Watermelon is a joyful, quintessential sign of summer and a fun plant to grow from seed, but it begs the age-old question: is it a fruit or a vegetable?

Our featured watermelon variety: Crimson Sweet Seed

Is Watermelon a Fruit or a Vegetable?

Watermelon PlantsThe answer to the question depends on whom you ask. Botany experts will tell you that because a watermelon develops from the ovary of a flowering plant and contains seeds, it is the very definition of a fruit. Remember, by the way, that’s the same reason a tomato is a fruit and not a vegetable.

But others—mostly chefs and the state of Oklahoma (which declared it its official vegetable in 2007)—stand firm that watermelon is a vegetable. Their argument is that since watermelon is harvested from the field in a similar fashion to squash and pumpkin, that makes it a vegetable. Dubious? So are we. But no matter; watermelon is delicious no matter how it’s classified. Oh, and one last tidbit regarding the fruit-vegetable debate: apparently a fruit can be a vegetable but a vegetable can’t be a fruit. Go figure.

Interesting Facts About Watermelon Plants

Fact 1
Watermelon—Citrullus lanatus—is a member of the cucumber—Cucurbitaceae—family of which gourds are a member as well. If you’re familiar with watermelon’s growth habit, you’ll agree this makes sense, given that all the plants in the family grow on trailing vines.
Fact 2
Over time, people have come up with various, creative ways to consume and use watermelon in addition to the tried and true method of just slicing and serving it. For example, some use it to create edible sculptures; others use it as a floating pool toy, and still others use it to make potent cocktails or a delicious summer punch. Delicious AND fun’that’s probably why its mere mention can make people smile.
Fact 3
There is evidence that watermelon existed in Egypt and neighboring regions thousands of years ago. Archeologists found watermelon seeds among the remnants of a 5000-year-old settlement in Libya. What’s more, seeds and paintings of watermelons have been discovered in ancient Egyptian tombs, including King Tut’s. But, there’s also evidence that watermelon’s wild ancestor—a bitter fruit with hard, pale-green flesh—was a far cry from our familiar, favorite, summer fruit. which is juicy, sweet and delicious. Evidently, it took many centuries to evolve into the juicy, sweet and delicious fruit (or is it vegetable?) we enjoy today.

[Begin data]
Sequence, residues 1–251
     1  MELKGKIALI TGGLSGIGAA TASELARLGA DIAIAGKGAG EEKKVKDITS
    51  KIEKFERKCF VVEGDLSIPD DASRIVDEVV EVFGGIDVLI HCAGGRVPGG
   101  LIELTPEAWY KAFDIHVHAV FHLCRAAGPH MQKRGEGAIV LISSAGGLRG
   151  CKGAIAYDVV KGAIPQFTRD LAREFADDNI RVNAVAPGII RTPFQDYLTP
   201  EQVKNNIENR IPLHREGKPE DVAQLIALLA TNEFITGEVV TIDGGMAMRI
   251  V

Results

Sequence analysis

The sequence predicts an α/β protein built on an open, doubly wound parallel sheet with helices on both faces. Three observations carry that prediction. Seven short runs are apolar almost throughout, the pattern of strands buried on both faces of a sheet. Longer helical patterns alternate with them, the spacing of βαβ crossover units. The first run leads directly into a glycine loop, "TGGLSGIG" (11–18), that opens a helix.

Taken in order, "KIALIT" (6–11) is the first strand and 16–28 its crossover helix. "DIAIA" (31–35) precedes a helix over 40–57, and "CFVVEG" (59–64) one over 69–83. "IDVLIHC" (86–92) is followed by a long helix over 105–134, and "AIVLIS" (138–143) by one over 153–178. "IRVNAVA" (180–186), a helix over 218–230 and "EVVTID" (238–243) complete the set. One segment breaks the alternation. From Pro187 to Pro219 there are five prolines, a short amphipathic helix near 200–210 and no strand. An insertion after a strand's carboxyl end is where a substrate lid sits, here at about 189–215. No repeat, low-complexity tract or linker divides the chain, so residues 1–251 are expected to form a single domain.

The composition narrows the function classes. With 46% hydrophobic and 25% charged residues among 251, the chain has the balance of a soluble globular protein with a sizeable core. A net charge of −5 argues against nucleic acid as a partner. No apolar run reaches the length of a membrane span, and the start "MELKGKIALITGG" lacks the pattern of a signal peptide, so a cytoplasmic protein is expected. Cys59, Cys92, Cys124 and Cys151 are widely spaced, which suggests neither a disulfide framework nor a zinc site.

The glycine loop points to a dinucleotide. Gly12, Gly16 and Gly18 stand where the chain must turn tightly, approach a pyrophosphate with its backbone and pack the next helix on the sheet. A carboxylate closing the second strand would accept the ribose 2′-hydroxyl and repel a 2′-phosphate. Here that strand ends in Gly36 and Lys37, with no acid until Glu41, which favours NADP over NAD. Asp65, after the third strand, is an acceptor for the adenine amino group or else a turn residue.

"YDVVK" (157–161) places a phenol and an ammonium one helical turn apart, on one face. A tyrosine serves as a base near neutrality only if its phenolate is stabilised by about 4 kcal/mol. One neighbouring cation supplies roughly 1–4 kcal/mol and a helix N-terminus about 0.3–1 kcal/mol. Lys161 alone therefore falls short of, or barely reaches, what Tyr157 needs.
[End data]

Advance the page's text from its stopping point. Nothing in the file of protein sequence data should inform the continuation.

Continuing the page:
Watermelon Gardening Tips

Difficulty
Difficulty

Easy-Moderate IF your growing season is warm and long, and you have space.

Sun
Sun

Full sun.

Water
Water

Watermelon are heavy drinkers and feeders. Regular watering is key.

Soil
Soil

Well-drained soil enriched with compost. The soil temperature must be at least 70°F. The warmer it is, the faster watermelon seeds will germinate. At 70° F, seeds will germinate in 10 days; at 90°, it may only take 3.

Air
Air

Watermelons like it hot!

Timing
Timing

Start watermelon seeds indoors about 4 weeks before your last anticipated spring frost; transplant seedlings outdoors once it’s consistently warm outside. Or, if your growing season is long enough, direct sow seeds in the outdoor garden two weeks after the last frost.

Planting
Planting

Sow seeds 1 inch deep. Space according to seed packet instructions.

Germination
Germination

3-10 days.

Feeding
Feeding

Seeding to maturity generally takes at least 80 days.

Mulch
Mulch

Add rich compost or organic fertilizer at planting time and again every six weeks.

Pests & Diseases
Pests & Diseases

Add mulch as the seedlings develop to retain moisture and warmth and discourage weeds.

Special Considerations
Special Considerations

Young watermelon plants are susceptible to cucumber beetles. You can protect them with row covers as long as you remove them to allow for pollination when flowers appear.

Companion Plants
Companion Plants

Good companion plants are marigolds and nasturtiums as they both deter the potentially-problematic cucumber beetle.

Container-Friendly
Container-Friendly

Yes? If you have a large enough container (at least 5 gallons) and enough space to accommodate the watermelon’s spreading habit.

Harvesting Watermelon

Harvesting You can harvest watermelon when it appears to have stopped growing (after 80 days) or its underside starts to yellow and/or the stem starts to shrivel. It will last about 3-4 weeks after being cut from the vine.

Growing Watermelon—Highlights

  • Watermelon is a joyful, quintessential sign of summer and a fun plant to grow from seed!
  • It’s easy to grow if you have long, hot summers where you live.
  • Watermelon is slow-growing, requiring at least 80 days to reach maturity.
  • Watermelon plants spread on vines and need a lot of room to grow.
  • Did you know that some consider watermelon to be a vegetable?
  • Watermelon is made up of over 90% water.
  • Though it’s mostly water, it packs some serious nutrients including vitamins A, B6, and C, as well as lycopene, antioxidants and amino acids.

Here at Bentley Seeds, we want to set you up for success. Our growing guides are designed to give you all the information you'll need to start growing from seed, in an easy-to-digest format.

We also encourage you to print out a copy as a handy reference in your garden.